The Serious Harm Test in Defamation Claims
Since 2022, many Australian states and territories have modified their defamation laws to raise the bar for a defamation claim to succeed. To succeed with a defamation claim in any of these jurisdictions, the plaintiff now needs to demonstrate that the publication of the defamatory material has caused, or is likely to cause, significant harm to their reputation. This article discusses the serious harm test in defamation claims.
The serious harm test in defamation legislation
The serious harm test is contained in section 10A of the Defamation Acts of the states and territory that have adopted it. The judicial officer, rather than the jury, determines whether serious harm has been caused. This issue may be assessed before or during the trial.
Reasons for the introduction of the serious harm test in defamation claims
The serious harm test was created to address defamation lawsuits that arise in response to minor publications that do not cause significant harm and are not viewed, read or heard by a large number of people.
There has been an increase in these minor defamation claims in recent years, largely due to the extensive use of social media as well as the growing importance of Google and Facebook reviews. When negative remarks are posted on social media about a person or a company, or a negative review of a business is published, the amount of damages that may be awarded to the defamed party is deemed disproportionate to the cost of bringing proceedings.
Scott V Bodley and the serious harm test in defamation claims
Scott v Bodley was a defamation claim decided by the New South Wales District Court in 2022. In that matter, Dale Scott sued Bettina Bodley, after Bodley posted a one-star review of Scott’s painting business on Facebook and Google. Scott argued that the review led to significant harm to his reputation, a decline in his business, and a loss of income. The court, however, ruled that Scott had not shown serious harm to his reputation, as required by the serious harm test under section 10A of the Defamation Act 2005.
Bodley and her husband asked Pottsville Painting Services to give them a quote for the internal and external painting of their house in 2021. The job was not up to their standards, and a review was posted. The review, which was public for two weeks, included pictures of the work and stated that the work had over 130 flaws and had caused harm to their property.
The imputations of the review were that Scott had behaved unprofessionally, incompetently, and dishonestly in carrying out the job, and had verbally abused Bodley.
Scott testified that he had been a painter for 27 years and worked mainly in the Pottsville region. He did not advertise but encouraged customers to leave reviews of his company. He claimed that customers had selected his company because of the positive online feedback. His business had previously held a Google rating of 5/5.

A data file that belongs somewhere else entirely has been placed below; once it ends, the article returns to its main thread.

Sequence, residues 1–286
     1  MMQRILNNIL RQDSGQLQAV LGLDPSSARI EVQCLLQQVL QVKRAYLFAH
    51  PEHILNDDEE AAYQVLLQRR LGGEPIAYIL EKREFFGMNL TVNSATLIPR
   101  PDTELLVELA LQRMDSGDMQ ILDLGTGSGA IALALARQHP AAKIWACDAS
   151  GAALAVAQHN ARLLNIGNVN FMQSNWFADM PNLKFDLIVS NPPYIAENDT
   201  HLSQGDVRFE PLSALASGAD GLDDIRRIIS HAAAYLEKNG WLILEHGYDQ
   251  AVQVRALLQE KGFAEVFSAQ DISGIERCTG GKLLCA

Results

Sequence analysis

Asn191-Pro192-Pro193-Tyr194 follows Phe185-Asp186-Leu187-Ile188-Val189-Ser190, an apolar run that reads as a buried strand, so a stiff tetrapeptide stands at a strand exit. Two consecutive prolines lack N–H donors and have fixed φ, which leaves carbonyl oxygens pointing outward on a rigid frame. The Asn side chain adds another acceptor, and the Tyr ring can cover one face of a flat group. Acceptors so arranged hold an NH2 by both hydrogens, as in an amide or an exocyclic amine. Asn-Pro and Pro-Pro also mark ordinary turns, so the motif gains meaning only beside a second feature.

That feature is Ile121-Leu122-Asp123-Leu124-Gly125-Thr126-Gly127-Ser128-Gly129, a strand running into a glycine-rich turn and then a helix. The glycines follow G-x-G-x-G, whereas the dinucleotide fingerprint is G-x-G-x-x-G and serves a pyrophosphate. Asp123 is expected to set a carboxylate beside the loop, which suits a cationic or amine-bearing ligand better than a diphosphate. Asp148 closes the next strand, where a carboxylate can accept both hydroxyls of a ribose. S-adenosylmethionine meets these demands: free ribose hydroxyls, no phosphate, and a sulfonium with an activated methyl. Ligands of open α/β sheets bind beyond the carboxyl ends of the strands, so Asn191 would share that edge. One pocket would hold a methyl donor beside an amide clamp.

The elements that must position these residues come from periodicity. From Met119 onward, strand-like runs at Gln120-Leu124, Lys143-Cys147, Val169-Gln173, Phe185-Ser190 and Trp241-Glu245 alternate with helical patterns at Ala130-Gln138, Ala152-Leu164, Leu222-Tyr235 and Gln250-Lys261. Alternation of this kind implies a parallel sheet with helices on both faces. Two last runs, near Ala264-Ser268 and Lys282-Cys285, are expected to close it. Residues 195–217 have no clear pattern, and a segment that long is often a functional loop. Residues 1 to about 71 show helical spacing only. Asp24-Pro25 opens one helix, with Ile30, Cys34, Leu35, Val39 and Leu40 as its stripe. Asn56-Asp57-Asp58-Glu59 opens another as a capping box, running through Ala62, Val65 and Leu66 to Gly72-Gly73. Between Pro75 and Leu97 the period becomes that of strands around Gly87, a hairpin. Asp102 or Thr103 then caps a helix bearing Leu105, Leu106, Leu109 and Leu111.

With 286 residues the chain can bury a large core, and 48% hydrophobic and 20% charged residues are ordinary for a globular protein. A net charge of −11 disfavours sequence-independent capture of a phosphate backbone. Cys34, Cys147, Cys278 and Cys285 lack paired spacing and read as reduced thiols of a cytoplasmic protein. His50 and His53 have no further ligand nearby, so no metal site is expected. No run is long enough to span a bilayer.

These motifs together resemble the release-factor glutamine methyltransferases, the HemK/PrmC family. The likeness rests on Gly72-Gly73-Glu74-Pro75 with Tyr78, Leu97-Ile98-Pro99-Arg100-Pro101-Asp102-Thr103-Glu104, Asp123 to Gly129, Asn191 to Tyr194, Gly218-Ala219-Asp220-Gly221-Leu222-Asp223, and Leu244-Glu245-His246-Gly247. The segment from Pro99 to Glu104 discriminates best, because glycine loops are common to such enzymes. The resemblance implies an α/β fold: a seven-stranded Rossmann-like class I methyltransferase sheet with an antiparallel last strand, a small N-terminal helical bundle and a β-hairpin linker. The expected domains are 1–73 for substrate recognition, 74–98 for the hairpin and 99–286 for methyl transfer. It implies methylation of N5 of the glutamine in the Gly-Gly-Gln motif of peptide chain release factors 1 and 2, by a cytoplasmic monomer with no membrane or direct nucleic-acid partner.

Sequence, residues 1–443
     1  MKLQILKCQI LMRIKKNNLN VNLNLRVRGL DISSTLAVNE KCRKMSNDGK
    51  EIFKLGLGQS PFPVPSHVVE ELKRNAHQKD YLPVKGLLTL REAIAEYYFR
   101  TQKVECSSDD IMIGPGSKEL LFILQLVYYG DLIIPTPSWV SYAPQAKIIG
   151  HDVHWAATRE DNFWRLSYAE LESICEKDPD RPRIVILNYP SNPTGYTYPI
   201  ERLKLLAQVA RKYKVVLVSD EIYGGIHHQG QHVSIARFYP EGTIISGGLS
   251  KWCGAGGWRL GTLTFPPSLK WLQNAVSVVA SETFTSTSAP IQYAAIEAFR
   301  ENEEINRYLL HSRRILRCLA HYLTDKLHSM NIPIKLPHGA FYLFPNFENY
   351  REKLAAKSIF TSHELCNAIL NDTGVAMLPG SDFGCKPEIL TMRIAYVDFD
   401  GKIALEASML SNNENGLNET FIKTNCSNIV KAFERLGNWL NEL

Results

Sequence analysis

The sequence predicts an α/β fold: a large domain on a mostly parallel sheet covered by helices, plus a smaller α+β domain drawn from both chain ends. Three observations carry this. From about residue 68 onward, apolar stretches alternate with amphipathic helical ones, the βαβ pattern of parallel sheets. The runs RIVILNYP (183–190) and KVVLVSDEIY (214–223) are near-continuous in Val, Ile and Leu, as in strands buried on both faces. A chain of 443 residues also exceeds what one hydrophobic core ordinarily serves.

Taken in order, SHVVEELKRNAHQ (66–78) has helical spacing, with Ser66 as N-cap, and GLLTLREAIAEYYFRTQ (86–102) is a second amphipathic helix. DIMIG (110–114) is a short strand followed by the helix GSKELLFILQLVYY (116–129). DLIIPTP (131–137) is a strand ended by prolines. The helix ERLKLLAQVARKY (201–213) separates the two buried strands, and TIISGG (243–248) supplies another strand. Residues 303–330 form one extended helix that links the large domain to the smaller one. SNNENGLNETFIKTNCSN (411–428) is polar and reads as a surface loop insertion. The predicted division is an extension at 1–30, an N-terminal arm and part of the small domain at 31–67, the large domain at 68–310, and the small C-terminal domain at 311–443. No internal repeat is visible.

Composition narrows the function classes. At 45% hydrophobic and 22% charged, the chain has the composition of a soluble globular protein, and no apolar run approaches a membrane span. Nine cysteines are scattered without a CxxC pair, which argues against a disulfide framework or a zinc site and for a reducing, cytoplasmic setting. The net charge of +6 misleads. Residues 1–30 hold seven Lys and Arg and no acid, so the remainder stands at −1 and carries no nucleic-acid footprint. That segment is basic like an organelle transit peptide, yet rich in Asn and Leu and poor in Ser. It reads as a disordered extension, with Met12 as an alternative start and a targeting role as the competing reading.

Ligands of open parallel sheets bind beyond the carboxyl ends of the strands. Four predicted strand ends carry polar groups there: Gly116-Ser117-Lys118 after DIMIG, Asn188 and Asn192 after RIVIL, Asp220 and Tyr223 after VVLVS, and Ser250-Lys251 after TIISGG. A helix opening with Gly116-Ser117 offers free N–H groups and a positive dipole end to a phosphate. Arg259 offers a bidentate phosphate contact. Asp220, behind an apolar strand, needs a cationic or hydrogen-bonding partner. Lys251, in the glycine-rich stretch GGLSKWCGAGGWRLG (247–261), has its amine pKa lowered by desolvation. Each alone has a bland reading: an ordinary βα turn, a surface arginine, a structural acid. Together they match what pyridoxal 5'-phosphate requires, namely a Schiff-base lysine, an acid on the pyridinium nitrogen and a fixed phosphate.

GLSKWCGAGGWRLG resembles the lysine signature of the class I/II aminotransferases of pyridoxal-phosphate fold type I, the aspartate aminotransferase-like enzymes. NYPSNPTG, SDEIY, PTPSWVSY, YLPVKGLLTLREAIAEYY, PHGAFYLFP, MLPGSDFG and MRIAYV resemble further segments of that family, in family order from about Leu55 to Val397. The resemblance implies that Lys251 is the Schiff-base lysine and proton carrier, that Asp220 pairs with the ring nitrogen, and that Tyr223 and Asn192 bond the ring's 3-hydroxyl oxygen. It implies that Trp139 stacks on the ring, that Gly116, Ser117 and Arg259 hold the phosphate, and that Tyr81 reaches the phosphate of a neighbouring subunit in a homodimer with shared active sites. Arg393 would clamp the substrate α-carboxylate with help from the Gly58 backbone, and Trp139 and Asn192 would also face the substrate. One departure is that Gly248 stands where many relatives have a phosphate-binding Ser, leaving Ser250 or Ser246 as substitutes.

After Bodley’s review was posted, Scott claimed that he saw an immediate decline in calls and business. He tendered tax returns indicating a significant drop in earnings for the 2021 financial year relative to the previous two years. He stated that he went from receiving six to eight enquiries per week to just one or two, and that this situation persisted after the review was deleted.
Bodley disputed Scott’s testimony on various grounds, including that there was no evidence that any specific person was deterred by the review, or even that anyone read it. She argued that the data required to determine the sources of his loss was not provided, and that Scott had advertised for an apprentice during the period he claimed his business had shrunk.
The court’s findings
The court found discrepancies in the evidence of business loss and financial records that indicated the business was doing well. It also found that shifts in business patterns had not been explained and that Scoot was asking the court to infer that the reduction in business could be attributed to the reviews.
The court further found that it was probable that no one saw or read the reviews, as they were public for two weeks only. Scott could not name anyone who saw the reviews and relied on the inference that they were widely read. He did not adduce any evidence of the grapevine effect. Google reviews are well-known to be expressions of personal opinion and many business sites contain unflattering reviews.
The court found that Scott had failed to establish harm to his reputation, much less serious harm to his reputation, as now required under the Defamation Act 2005. Bodley’s reviews contained personal experience and opinion and the imputations against Scott were not serious. The court found that Scott’s claim was an example of a ‘backyard’ defamation action based on a trivial publication.
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